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Luck of the Draw: True Life Tales of Lottery Winners and Losers

by Chris Gudgeon and Barbara Stewart

“Ka-ching!” went the strings of Owen Edmunds’ heart. The Richmond, B.C. cad then phoned his fiancée – collect – to announce that he had won half a million dollars on Lotto 6/49, and that the wedding was off. John Gonsalves got payback in full when his abandoned wife saw his picture in the paper, clutching his $5.1 million winning Massachusetts lottery prize ticket; she sued him for 48 years worth of alimony and child support.

Lottos, scratch and win cards, casinos, bingo games, video lottery terminals: this slim, bouncy compendium covers the entire ticket-strewn waterfront of the big score. Want to know which sex gambles most often? (it’s men); which games offer the best odds? (at the casino, choose roulette; at the corner store, play the scratch cards); how the history of gaming evolved? (computer technology in the 1980s put a billion-plus spin on a system derived from 16th century Venetian urns, and inaugurated the concept of state-run lotteries as a revenue source). All of dice-rolling, horse-betting, ticket-hoarding human life is here, including handy sections on what to do with your millions; the most effective way to draw up an office pool agreement; and the challenges posed by the Internet.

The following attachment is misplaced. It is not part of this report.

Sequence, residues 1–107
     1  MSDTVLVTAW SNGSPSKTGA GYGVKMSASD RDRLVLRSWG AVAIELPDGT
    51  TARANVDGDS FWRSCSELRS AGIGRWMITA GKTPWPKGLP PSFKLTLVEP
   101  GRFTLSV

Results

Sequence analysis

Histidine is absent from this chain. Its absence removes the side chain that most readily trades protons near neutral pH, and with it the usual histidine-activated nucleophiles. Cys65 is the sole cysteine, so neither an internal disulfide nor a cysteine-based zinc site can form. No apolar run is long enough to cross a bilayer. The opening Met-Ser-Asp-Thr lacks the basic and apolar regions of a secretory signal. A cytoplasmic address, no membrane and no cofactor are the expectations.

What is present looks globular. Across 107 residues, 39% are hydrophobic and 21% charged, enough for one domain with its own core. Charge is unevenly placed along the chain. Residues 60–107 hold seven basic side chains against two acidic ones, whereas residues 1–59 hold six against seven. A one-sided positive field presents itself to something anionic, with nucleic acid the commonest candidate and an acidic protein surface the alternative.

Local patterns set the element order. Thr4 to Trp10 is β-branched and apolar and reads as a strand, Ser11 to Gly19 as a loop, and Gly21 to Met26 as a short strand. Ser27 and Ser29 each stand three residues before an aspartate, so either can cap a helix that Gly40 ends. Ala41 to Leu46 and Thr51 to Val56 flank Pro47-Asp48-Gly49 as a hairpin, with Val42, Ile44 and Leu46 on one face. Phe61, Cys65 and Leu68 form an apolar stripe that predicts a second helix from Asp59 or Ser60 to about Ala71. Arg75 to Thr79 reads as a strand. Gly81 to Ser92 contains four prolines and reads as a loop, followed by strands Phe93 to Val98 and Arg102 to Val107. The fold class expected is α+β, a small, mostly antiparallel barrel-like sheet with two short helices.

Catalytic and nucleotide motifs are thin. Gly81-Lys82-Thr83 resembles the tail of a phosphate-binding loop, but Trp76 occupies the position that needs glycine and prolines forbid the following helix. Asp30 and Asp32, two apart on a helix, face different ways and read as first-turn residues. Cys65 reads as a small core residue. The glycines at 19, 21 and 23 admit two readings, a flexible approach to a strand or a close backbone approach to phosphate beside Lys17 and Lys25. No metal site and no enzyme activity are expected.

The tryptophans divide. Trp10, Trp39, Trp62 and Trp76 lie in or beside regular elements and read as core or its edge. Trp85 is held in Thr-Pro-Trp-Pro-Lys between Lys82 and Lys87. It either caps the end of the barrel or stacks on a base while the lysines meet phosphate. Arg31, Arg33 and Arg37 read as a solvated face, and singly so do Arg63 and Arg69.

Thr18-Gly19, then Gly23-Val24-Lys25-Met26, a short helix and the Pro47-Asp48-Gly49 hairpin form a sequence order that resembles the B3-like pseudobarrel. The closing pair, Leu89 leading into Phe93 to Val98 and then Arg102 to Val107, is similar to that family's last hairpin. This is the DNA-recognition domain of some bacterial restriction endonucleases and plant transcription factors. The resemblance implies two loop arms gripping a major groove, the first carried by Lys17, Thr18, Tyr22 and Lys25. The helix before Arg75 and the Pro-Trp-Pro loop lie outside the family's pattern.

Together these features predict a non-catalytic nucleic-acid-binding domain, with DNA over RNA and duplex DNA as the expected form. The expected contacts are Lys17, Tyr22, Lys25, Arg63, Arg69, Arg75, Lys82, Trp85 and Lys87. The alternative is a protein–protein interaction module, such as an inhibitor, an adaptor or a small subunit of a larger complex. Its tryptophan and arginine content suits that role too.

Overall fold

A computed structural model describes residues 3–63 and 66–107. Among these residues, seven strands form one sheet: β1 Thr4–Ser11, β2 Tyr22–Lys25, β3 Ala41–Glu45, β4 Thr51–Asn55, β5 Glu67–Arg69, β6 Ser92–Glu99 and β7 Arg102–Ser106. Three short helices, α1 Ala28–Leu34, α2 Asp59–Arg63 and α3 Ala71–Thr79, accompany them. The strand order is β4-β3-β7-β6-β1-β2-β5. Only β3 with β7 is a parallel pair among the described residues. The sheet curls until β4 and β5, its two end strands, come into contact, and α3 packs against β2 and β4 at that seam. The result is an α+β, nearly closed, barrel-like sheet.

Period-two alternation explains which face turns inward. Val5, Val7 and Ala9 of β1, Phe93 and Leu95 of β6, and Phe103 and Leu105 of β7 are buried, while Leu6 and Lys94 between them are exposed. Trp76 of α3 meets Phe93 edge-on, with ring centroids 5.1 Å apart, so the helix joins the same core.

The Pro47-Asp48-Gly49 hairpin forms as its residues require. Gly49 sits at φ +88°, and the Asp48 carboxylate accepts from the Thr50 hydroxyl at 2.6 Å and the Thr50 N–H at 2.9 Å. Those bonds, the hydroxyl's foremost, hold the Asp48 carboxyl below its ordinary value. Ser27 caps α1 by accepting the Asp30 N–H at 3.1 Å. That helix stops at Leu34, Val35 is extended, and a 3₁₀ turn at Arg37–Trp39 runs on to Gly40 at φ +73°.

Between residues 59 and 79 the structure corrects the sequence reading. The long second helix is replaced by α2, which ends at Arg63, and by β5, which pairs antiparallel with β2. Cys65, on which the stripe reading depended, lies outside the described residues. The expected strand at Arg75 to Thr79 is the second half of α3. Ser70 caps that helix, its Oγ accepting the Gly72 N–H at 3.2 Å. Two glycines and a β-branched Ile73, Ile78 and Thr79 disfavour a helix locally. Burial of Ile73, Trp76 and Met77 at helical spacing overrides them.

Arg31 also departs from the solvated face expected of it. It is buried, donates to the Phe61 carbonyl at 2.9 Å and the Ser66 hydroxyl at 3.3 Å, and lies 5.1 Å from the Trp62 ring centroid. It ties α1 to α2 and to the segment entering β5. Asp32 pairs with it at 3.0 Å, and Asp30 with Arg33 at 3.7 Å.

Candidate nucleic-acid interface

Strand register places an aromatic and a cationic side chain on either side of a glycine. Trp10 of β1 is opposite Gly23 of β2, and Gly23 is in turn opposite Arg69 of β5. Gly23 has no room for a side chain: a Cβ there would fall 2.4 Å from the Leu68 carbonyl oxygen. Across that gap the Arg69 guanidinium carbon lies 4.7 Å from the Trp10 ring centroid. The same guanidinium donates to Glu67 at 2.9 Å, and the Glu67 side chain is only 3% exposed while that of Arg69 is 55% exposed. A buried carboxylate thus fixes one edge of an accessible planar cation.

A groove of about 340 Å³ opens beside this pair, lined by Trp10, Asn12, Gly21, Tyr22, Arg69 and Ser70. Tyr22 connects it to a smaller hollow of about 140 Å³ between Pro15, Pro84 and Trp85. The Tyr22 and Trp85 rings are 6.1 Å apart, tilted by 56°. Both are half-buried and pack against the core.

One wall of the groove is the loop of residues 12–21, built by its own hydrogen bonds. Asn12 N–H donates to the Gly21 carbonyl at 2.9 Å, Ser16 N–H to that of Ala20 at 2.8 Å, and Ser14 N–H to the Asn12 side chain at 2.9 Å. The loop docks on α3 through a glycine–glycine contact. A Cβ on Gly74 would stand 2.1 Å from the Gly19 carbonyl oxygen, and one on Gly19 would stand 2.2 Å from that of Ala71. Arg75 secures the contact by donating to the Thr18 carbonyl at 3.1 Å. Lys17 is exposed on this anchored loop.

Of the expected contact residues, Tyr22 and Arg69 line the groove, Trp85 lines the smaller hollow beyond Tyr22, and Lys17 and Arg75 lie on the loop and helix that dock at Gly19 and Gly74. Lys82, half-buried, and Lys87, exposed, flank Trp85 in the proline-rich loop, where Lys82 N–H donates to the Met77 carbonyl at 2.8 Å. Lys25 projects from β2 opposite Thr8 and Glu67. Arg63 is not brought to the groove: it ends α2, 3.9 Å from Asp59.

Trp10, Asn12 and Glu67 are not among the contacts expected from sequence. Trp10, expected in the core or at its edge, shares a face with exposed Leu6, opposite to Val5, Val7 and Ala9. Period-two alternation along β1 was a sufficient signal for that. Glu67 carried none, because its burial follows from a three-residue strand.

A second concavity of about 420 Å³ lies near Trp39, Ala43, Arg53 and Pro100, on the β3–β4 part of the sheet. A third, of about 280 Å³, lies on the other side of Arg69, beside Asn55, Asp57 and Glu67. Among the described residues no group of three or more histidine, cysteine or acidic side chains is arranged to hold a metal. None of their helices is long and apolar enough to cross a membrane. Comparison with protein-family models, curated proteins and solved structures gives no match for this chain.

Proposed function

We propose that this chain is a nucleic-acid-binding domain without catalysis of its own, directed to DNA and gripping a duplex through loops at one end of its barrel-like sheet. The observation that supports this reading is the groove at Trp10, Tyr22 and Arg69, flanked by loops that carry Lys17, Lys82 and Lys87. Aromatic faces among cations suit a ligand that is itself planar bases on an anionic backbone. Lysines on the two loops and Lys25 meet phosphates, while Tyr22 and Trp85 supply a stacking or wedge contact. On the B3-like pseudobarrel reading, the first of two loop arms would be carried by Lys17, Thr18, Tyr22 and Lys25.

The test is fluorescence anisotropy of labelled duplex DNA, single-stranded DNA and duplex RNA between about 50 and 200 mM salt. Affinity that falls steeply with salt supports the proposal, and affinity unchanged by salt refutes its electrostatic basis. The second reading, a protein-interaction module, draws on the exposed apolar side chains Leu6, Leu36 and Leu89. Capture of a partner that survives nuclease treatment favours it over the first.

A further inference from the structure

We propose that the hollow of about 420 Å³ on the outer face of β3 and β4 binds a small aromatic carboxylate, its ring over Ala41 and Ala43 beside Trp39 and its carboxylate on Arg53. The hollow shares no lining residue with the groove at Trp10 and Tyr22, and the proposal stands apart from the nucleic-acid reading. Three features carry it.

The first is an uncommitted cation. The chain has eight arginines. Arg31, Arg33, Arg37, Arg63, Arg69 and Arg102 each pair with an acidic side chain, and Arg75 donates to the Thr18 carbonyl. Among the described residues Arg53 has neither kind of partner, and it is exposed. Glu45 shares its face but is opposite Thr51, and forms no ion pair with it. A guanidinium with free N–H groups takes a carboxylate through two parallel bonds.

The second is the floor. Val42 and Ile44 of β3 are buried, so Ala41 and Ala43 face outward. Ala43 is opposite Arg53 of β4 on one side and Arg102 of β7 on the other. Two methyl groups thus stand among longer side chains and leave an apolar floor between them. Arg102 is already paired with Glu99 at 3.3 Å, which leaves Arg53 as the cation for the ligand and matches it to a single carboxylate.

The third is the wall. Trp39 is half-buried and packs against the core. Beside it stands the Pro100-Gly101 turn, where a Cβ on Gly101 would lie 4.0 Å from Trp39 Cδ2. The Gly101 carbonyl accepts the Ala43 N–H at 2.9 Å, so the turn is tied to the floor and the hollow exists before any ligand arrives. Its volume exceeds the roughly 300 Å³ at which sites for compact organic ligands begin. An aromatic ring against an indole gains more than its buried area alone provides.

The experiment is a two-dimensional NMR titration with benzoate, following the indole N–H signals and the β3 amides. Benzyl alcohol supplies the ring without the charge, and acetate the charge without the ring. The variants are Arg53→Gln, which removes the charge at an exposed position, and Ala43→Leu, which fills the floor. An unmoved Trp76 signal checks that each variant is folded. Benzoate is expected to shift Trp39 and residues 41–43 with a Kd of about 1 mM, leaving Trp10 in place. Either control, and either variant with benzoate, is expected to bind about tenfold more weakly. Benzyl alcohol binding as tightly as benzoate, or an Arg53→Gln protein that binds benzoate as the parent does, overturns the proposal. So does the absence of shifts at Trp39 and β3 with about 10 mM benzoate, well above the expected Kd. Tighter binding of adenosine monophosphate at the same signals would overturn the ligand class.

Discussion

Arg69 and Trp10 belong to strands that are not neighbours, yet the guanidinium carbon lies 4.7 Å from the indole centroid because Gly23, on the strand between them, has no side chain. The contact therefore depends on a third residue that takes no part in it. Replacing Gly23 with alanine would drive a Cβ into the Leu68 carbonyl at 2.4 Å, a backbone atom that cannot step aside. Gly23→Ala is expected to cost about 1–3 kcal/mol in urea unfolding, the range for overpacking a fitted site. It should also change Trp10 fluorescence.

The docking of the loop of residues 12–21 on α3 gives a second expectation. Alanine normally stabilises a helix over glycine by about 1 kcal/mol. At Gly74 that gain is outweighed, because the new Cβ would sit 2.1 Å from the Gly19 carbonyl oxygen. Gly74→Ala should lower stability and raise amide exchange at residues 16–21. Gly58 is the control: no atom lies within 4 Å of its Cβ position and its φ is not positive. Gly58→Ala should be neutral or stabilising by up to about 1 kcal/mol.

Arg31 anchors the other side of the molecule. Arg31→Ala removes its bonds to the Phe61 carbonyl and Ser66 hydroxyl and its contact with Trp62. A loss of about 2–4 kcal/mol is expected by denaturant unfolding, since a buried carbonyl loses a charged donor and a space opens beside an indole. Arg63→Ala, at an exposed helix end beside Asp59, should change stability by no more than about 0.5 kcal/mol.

Luck Of The Draw is deft and friendly, but it occasionally comes over like the motormouth CasinoRama lady with the cup of coins at your left elbow – the authors’ jokes and asides wear thin, and the people-are-funny tone owes something to the Dummies/Idiots series. The most engaging sections are the human interest stories: the lost wallets, the broken friendships, and the split families; plus the psychics, con men, squanderers, and jailbirds. The best bet is the story of the prematurely ancient mariner Jimmy Cohoon, recounted here in a way that only partly does justice to one of the most affecting Canadian rags-to-riches-to-rags stories ever told: half a million gone to old girlfriends, car dealers, and bar buddies. Like the lotto ads say: it could be you.